Container port industry slow growth still means big absolute increases


Published on

  • Be the first to comment

  • Be the first to like this

No Downloads
Total views
On SlideShare
From Embeds
Number of Embeds
Embeds 0
No embeds

No notes for slide

Container port industry slow growth still means big absolute increases

  1. 1. CONTAINER PORT INDUSTRY: SLOW GROWTH STILL MEANS BIG ABSOLUTE INCREASES 12/08/2013 The global container port industry is now so large that even with modest growth, absolute throughputs will still increase dramatically. In a recent interview with the Financial Times, Maersk Line Chief Executive Officer Søren Skou predicted that future demand growth for containerised cargo will remain in the 4-5% per annum range, not the heady 10% per annum seen prior to the economic downturn. “I think the reality is that our industry has to get used to lower growth than we had in the past,” he remarked, making the point that offshoring and the containerisation of breakbulk cargoes were trends that had largely run their course. This view chimes well with Drewry’s latest container port demand projections, which forecast compound average global growth of 5,4% per annum through to 2017. However, percentage growth rates can be deceptive. Even at this level, growth will reach 30% in absolute terms over 5 years. As the global container port industry handled a staggering 620 million teu in 2012, this means that, by 2017, ports will have to accommodate another 190 million teu. To put this into context, that is more than the entire 2012 throughput of North American, European and Middle Eastern ports combined. Forecast Global Container Port Demand Growth in Context (million teu) Source: Drewry Maritime Research At port level, the numbers are even more staggering. Even if Singapore and Shanghai only performed at the world average of 5,4% p.a, it would add almost 10 million teu to each port’s total throughput by 2017. A figure of 10 million teu is more than the entire container port throughput of the UK, India or Brazil.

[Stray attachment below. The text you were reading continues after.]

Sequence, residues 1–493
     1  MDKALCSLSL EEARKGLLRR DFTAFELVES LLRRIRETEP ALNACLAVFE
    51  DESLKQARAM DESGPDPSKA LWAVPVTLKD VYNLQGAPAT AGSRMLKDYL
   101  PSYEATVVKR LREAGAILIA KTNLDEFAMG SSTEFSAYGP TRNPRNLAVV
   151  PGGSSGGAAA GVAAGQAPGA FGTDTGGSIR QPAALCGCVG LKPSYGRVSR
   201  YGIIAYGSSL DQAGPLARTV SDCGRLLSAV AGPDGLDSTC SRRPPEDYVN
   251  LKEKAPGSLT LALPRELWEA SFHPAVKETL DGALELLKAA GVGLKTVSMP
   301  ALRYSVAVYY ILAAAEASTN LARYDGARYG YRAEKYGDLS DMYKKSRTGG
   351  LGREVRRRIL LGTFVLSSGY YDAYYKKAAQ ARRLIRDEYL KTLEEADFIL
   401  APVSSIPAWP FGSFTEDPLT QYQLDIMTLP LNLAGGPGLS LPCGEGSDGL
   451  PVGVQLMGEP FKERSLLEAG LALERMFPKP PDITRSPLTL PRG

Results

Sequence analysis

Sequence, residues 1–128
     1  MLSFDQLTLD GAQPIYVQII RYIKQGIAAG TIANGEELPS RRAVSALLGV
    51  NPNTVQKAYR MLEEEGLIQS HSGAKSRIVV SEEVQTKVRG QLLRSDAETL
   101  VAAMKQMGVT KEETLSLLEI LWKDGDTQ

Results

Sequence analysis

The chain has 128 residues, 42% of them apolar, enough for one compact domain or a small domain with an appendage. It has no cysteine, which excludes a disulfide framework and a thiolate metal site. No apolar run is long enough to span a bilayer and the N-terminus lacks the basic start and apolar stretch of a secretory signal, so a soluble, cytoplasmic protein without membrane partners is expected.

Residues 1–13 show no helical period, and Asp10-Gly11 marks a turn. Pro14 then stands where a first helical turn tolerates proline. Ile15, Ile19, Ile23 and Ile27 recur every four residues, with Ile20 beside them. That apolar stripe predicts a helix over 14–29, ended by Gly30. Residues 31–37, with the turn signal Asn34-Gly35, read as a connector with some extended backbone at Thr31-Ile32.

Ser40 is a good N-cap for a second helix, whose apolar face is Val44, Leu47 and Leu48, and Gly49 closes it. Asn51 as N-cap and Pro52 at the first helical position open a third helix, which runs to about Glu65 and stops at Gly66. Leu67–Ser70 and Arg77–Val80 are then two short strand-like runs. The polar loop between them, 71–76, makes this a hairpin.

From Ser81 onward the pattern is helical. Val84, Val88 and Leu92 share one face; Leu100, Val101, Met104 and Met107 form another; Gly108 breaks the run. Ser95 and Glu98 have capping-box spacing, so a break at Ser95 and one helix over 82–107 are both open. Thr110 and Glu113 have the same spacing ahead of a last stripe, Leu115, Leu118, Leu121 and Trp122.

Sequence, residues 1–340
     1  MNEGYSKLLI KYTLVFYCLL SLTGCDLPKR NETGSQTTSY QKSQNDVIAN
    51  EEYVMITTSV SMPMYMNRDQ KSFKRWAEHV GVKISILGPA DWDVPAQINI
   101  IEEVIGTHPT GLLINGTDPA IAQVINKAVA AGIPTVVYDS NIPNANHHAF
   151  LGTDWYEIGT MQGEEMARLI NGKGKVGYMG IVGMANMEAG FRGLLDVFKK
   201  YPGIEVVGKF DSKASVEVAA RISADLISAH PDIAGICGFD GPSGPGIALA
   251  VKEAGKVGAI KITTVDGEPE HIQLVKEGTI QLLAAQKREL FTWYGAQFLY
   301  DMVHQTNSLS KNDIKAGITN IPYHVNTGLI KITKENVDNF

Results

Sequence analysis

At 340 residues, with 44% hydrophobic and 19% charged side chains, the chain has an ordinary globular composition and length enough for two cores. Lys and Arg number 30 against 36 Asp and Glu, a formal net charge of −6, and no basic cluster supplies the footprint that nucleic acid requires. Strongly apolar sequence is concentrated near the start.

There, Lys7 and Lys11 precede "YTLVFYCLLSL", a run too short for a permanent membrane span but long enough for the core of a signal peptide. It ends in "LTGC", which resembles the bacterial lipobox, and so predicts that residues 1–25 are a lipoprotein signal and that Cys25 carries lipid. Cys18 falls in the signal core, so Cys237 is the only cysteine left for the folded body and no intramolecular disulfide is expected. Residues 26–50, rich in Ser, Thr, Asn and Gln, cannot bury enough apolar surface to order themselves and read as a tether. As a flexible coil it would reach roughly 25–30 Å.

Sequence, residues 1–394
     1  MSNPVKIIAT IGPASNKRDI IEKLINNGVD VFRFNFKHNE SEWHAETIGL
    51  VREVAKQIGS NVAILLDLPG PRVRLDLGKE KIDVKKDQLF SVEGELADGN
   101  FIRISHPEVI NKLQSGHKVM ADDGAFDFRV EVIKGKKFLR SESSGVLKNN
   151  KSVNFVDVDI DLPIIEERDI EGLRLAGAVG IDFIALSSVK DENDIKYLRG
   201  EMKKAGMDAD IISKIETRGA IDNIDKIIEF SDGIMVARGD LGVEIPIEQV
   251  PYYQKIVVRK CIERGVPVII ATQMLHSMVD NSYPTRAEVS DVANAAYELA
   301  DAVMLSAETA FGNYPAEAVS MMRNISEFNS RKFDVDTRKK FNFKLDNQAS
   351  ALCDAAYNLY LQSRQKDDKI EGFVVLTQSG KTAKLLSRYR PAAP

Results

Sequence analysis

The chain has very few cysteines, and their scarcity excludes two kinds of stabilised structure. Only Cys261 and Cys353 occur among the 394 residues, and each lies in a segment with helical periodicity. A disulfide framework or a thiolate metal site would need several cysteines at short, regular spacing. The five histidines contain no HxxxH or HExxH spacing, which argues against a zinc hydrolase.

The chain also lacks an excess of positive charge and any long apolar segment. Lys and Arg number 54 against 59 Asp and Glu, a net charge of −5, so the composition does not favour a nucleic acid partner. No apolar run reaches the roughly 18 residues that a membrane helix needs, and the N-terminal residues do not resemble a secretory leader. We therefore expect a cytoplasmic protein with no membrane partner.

2. 2. As shown in the Figure below, although the global volume of container cargo handled by ports fell sharply at the beginning of the economic recession at the end of 2008, it didn’t take long to recover, and currently sits at over 20% more than at the beginning of 2008 – ie before the recession. Global Port Throughput Index: Jan 2008=100 Source: Drewry Maritime Research All this illustrates what a colossal and sturdy industry the container port business has become – something that is often overlooked due to its wide geographic split across nearly 1.300 terminals around the world. In money terms, Drewry estimates that the world’s container terminals had a turnover of around $45 billion in 2012 and, taking a mid-range profitability margin, will have generated a global EBITDA of over $10 billion. However, whilst the industry is satisfactorily profitable, it is one that requires continuous and substantial capital investment. Using a ballpark investment cost of $350 million per million teu of capacity (covering both terminal infrastructure and equipment), an extra 190 million teu means that an approximate investment cost of around $65 billion over the next five years will have to be found. Clearly this represents the upper end of the likely cost, as some of the growth will be accommodated in pre-existing capacity. Nevertheless, the required investment will be as colossal as the industry it serves. Our View Although future container volume growth will be significantly more muted than in the heydays of the 1990s and 2000s, very substantial capital investment in port/terminal capacity will still be required over the next five years. (Container Insight Weekly / Drewry Maritime Research)